Women mourn during the funeral procession of the victims who were killed in an Israeli strike in Qantara village, south Lebanon, on Thursday.
Mohammed Zaatari / AP
Women mourn during the funeral procession of the victims who were killed in an Israeli strike in Qantara village, south Lebanon, on Thursday.

According to Lebanese state media, the dead included three Hezbollah fighters and 10 civilians. A Syrian woman and her two sons, ages 2 and 13, were among the civilians killed.

Israel launched further strikes on Thursday.

Tough talk on both sides

Analysts say that Israel and Hezbollah would both like to avoid all-out battle, but the past two days of attacks have led to an escalating war of words between officials on both sides.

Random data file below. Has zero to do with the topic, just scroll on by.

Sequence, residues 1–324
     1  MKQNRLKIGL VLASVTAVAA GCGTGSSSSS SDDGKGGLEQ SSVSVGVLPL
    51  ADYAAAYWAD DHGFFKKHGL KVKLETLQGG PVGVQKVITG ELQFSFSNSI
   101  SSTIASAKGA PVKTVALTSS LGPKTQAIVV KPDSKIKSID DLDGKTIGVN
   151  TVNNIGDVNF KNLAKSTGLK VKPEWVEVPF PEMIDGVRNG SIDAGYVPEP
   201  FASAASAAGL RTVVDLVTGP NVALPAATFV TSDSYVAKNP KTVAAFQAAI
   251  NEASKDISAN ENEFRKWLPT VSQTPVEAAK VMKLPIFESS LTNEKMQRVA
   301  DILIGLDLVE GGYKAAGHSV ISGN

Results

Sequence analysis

In a statement to Reuters, Hassan Fadlallah, a Lebanese lawmaker and senior Hezbollah official, said that Israel "will pay for the price of these crimes."

In a meeting with military reserve commanders on Wednesday, Staff Lt. Gen. Herzi Halevi of the Israel Defense Forces (IDF), emphasized his country's plan to prepare for a war on its northern front.

"This is our first task and no one disagrees with us, and we are now focusing on being prepared for war in the north," said Halevi, in comments shared with the press.

"In the end, we will be ready for a war. It if doesn't end in war, won't end in a compromise," he added, referring to pushing back against Hezbollah.